Wainwright was born in Rhinebeck, New York, to folk singers Kate McGarrigle and Loudon Wainwright III. His parents divorced when he was three, and he lived with his mother in Montreal for most of his youth. Wainwright has dual US and Canadian citizenship.

More information: Rufus Wainwright

At the age of 14, earned him a nomination for a 1989 Genie Award for Best Original Song. He was nominated for a 1990 Juno Award for Most Promising Male Vocalist of the Year.

Martha, Joan, Emmylou, Kate, Anna, Bruce & Rufus
Through weekly shows at Cafe Sarajevo, Wainwright was on the Montreal club circuit and eventually cut a series of demo tapes produced by Pierre Marchand, who later produced Wainwright's album Poses. 

The resulting tapes impressed his father Loudon, who passed them on to his friend Van Dyke Parks. Parks sent the recordings to Lenny Waronker, the DreamWorks executive who eventually signed Wainwright to his label. 

Martha Wainwright, and mother, Kate McGarrigle, as well as many more of his family at the Knitting Factory in downtown Manhattan. Joined by other artists such as Grammy Award-winner Emmylou Harris, Velvet Underground front man Lou Reed and famed performance artist Laurie Anderson, the eclectic cast performed original and traditional Christmas-themed songs.

More information:  Martha Wainwright

In June 2007, Wainwright was a part of the multi-artist True Colors Tour, which traveled through 15 cities in the United States and Canada. The tour, sponsored by the Logo channel, began on June 8, 2007. Hosted by comedian Margaret Cho and headlined by Cyndi Lauper, the tour included Debbie Harry, The Gossip, the Indigo Girls, The Dresden Dolls, The MisShapes, and Erasure. Profits went to the Human Rights Campaign

Carrie Fisher and Rufus Wainwright
Wainwright continued to tour during 2007 and embraced forms of expression not usually part of mainstream American music concerts. 

These included performances of Judy Garland songs, and expressing his concerns against the current U.S. political situation. His performances were critically acclaimed.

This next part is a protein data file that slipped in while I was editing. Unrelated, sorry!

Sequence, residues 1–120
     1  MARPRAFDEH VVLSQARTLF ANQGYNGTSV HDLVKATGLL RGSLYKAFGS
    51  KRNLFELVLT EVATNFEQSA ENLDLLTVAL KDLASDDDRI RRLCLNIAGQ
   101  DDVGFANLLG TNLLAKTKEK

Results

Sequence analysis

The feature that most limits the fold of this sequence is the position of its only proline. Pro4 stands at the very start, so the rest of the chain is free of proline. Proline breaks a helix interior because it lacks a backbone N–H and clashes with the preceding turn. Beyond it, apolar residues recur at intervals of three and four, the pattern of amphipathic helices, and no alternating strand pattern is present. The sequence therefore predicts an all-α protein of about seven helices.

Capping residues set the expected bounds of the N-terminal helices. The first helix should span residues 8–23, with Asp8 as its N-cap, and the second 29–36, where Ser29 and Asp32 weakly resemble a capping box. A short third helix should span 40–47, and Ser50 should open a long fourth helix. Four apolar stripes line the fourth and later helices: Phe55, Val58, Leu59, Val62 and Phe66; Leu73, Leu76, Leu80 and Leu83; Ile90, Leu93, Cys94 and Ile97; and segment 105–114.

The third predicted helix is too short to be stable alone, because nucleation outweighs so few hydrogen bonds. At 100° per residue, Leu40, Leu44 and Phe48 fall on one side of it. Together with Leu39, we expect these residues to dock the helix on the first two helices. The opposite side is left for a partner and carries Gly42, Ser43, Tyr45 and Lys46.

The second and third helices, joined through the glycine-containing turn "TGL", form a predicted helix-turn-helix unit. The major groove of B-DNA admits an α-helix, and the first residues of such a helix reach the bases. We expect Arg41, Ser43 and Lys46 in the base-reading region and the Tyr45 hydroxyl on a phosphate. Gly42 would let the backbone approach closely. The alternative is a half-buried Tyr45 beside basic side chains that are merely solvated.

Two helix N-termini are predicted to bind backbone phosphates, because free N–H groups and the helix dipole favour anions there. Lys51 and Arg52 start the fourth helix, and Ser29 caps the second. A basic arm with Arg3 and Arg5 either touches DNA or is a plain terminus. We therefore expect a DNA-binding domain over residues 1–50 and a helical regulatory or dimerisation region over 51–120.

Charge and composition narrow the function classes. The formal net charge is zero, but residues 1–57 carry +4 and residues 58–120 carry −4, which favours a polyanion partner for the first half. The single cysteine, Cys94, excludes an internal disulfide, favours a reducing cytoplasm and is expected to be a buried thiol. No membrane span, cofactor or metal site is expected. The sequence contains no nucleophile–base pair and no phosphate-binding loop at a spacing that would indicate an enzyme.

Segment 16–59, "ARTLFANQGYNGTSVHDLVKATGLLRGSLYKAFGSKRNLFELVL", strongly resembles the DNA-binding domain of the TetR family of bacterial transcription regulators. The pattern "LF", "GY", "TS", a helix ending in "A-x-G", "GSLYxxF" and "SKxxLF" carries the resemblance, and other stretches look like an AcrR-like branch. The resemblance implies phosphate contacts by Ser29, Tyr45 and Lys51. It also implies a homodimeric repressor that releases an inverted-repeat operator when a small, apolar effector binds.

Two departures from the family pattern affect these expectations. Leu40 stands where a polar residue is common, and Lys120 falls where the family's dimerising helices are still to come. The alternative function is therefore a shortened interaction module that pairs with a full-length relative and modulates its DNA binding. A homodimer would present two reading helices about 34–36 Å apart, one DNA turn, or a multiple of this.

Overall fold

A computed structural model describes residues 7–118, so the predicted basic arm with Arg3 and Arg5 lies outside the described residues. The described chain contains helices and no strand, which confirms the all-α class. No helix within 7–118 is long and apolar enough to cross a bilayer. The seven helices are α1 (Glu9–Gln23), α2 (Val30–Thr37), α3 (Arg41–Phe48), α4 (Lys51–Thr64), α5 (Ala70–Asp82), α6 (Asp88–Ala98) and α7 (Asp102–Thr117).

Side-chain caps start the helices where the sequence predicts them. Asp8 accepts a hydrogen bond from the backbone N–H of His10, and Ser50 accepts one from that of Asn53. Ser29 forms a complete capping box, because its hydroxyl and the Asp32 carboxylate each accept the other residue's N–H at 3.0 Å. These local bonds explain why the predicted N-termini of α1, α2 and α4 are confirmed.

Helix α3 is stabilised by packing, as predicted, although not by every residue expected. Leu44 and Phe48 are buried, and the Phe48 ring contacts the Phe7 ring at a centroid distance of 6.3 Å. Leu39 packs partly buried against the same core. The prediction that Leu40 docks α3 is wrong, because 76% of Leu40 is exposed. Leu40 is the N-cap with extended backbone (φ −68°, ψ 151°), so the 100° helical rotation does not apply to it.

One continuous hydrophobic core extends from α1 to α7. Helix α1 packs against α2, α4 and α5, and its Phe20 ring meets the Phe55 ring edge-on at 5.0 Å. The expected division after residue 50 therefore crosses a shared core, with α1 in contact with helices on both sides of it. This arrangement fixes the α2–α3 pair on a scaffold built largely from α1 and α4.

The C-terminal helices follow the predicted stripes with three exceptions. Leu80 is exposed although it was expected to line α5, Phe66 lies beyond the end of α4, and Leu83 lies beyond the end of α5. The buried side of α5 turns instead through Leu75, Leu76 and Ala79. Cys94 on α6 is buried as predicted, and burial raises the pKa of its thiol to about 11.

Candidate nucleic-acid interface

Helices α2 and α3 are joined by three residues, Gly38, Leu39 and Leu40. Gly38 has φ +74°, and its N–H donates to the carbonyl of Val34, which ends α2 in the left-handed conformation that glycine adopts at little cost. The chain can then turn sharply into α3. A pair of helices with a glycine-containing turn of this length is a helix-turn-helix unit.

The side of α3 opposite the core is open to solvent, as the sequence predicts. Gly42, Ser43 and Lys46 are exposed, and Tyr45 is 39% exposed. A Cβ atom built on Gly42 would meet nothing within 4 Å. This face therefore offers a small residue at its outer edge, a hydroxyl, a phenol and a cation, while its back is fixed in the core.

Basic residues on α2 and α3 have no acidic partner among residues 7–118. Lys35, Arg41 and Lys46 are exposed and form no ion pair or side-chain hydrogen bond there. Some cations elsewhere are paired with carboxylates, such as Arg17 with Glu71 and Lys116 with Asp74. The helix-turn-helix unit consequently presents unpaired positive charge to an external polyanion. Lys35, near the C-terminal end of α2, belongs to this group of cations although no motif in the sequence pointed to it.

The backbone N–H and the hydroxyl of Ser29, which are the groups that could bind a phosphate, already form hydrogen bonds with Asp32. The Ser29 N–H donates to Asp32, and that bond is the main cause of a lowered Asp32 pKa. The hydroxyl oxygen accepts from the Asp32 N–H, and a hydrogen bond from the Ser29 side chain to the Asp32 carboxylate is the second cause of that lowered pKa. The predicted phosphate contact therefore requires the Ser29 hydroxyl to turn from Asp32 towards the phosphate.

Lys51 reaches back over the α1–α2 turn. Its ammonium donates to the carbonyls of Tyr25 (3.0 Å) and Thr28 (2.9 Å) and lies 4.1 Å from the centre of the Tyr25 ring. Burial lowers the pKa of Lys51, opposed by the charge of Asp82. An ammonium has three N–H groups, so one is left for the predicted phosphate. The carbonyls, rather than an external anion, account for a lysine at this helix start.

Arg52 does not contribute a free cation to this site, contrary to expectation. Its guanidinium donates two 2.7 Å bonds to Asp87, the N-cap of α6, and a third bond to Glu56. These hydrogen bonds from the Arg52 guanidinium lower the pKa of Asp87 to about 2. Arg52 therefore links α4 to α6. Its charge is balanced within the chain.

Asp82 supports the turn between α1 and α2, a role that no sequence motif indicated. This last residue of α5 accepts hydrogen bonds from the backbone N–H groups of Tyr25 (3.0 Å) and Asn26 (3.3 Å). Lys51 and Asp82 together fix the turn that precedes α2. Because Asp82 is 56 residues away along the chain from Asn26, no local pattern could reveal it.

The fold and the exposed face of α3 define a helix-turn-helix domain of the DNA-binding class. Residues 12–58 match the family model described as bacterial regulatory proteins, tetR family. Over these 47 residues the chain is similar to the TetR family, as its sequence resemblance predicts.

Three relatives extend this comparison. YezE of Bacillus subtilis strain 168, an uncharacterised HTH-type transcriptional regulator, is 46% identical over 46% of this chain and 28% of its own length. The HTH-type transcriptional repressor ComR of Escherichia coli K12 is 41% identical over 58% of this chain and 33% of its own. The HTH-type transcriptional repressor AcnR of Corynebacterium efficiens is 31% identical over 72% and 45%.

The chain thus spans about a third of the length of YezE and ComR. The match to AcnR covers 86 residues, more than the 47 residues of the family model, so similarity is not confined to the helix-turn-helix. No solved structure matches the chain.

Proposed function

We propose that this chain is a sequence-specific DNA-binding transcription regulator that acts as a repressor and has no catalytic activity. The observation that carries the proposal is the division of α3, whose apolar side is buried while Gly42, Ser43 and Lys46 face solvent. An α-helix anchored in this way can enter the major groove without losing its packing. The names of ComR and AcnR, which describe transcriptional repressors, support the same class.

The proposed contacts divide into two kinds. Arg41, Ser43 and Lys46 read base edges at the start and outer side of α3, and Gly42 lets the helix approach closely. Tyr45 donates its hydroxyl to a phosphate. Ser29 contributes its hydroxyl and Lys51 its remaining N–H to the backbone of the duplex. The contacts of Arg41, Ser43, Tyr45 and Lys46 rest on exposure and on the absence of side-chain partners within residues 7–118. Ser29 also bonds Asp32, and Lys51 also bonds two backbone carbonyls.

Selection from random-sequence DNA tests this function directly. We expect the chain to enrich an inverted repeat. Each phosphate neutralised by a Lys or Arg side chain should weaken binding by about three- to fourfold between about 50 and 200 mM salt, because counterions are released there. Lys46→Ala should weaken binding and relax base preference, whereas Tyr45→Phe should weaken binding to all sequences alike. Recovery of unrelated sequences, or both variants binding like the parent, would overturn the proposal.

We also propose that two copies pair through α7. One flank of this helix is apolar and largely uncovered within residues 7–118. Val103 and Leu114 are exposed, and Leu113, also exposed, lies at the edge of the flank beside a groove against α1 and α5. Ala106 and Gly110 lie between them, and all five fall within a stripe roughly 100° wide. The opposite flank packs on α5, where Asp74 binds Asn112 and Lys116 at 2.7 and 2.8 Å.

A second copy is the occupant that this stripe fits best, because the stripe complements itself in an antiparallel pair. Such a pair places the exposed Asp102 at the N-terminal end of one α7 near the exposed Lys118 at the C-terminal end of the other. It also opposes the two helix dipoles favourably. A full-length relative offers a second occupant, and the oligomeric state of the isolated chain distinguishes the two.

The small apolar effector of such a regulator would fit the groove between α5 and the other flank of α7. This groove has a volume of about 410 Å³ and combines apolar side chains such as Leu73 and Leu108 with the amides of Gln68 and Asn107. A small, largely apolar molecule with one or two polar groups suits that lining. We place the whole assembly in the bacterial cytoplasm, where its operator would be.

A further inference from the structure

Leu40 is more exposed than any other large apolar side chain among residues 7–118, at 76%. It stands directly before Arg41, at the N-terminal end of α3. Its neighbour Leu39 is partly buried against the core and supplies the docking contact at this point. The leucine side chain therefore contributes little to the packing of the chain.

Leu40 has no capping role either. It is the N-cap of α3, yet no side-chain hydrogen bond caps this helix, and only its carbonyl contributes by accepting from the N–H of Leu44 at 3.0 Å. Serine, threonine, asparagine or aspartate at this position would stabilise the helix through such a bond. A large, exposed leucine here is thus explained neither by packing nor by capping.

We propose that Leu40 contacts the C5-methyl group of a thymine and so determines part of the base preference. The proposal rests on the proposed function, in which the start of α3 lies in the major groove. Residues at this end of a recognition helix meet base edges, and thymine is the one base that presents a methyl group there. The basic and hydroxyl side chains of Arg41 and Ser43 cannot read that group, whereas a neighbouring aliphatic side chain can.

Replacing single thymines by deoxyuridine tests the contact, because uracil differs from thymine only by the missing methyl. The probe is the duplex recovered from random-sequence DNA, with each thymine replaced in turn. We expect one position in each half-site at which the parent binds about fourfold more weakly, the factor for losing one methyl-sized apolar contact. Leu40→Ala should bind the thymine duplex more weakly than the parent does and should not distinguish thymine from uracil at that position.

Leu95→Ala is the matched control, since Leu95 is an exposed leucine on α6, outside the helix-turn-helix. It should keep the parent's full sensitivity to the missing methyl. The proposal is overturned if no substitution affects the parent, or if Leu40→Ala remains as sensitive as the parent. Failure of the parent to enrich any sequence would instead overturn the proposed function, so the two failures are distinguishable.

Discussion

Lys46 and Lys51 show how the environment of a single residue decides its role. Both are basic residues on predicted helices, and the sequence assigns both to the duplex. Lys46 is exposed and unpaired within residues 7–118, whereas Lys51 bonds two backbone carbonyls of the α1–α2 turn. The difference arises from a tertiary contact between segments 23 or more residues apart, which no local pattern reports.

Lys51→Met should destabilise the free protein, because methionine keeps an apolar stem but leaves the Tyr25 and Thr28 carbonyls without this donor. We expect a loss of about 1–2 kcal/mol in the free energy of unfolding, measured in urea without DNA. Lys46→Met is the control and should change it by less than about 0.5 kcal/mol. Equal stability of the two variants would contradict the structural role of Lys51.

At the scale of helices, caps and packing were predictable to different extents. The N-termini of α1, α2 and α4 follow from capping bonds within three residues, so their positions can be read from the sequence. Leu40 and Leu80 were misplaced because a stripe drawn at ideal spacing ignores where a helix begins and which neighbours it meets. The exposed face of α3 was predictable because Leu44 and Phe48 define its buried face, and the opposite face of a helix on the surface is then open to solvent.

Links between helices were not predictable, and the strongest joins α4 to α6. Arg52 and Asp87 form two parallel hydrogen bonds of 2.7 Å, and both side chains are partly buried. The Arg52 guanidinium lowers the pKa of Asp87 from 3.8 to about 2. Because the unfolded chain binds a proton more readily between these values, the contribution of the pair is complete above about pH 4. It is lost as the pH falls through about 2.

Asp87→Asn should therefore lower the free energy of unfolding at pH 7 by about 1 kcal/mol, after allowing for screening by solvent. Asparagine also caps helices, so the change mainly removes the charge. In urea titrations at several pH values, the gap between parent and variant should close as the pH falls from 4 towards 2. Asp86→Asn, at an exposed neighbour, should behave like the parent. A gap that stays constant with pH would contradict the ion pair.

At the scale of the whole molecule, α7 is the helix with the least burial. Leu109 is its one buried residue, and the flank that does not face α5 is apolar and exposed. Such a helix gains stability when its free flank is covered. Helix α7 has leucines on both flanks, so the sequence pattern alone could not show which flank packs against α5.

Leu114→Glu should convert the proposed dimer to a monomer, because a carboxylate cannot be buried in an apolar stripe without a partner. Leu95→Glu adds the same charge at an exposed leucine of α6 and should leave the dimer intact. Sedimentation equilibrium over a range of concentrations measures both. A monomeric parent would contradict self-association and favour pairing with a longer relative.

In addition to his tenor singing voice, he plays piano and guitar, often switching between the two instruments when performing live. While some songs feature just Wainwright and his piano, his later work is often accompanied by rock instrumentation or a symphony orchestra, displaying complex layering and harmonies with an operatic feel. 

More information: Queerty

Wainwright is an opera enthusiast and likes Franz Schubert's lieder and Victòria dels Àngels. Some of Wainwright's songs are described as popera or baroque pop. Many of his compositions are densely packed amalgams of strings, horns, operatic choruses, and ragtime rhythms, with a warm vocal timbre.

 In the present world, this technological, psychotic, politicised, nonsensical world, you have to believe that the good guys are going to win! That evil will be banished somehow! 

Rufus Wainwright

Friday, 21 July 2017


Apollo 11 Command Module
Apollo 11 was the spaceflight that landed the first two humans on the Moon. Mission commander Neil Armstrong and pilot Buzz Aldrin, both American, landed the lunar module Eagle on July 20, 1969, at 20:18 UTC.  

Armstrong became the first to step onto the lunar surface six hours later on July 21 at 02:56:15 UTC; Aldrin joined him about 20 minutes later. They spent about two and a quarter hours together outside the spacecraft, and collected 21.5 kg of lunar material to bring back to Earth. Michael Collins piloted the command module Columbia alone in lunar orbit while they were on the Moon's surface. Armstrong and Aldrin spent just under a day on the lunar surface before rendezvousing with Columbia in lunar orbit.

More information: NASA

Apollo 11 was launched by a Saturn V rocket from Kennedy Space Center in Merritt Island, Florida, on July 16, and was the fifth manned mission of NASA's Apollo program. The Apollo spacecraft had three parts: a command module with a cabin for the three astronauts, and the only part that landed back on Earth; a service module, which supported the command module with propulsion, electrical power, oxygen, and water; and a lunar module that had two stages, a lower stage for landing on the Moon, and an upper stage to place the astronauts back into lunar orbit. 

More information: NASA

Aldrin bootprint on the Moon
After being sent toward the Moon by the Saturn V's upper stage, the astronauts separated the spacecraft from it and traveled for three days until they entered into lunar orbit. Armstrong and Aldrin then moved into the lunar module Eagle and landed in the Sea of Tranquility

They stayed a total of about 21.5 hours on the lunar surface. The astronauts used Eagle's upper stage to lift off from the lunar surface and rejoin Collins in the command module. 

They jettisoned Eagle before they performed the maneuvers that blasted them out of lunar orbit on a trajectory back to Earth. They returned to Earth and landed in the Pacific Ocean on July 24.

More information: NASA

Broadcast on live TV to a worldwide audience, Armstrong stepped onto the lunar surface and described the event as one small step for [a] man, one giant leap for mankind. Apollo 11 effectively ended the Space Race and fulfilled a national goal proposed in 1961 by U.S. President John F. Kennedy: before this decade is out, of landing a man on the Moon and returning him safely to the Earth.

Here men from the planet Earth first set foot upon the Moon. 
July 1969 AD. We came in peace for all mankind. 

Neil Armstrong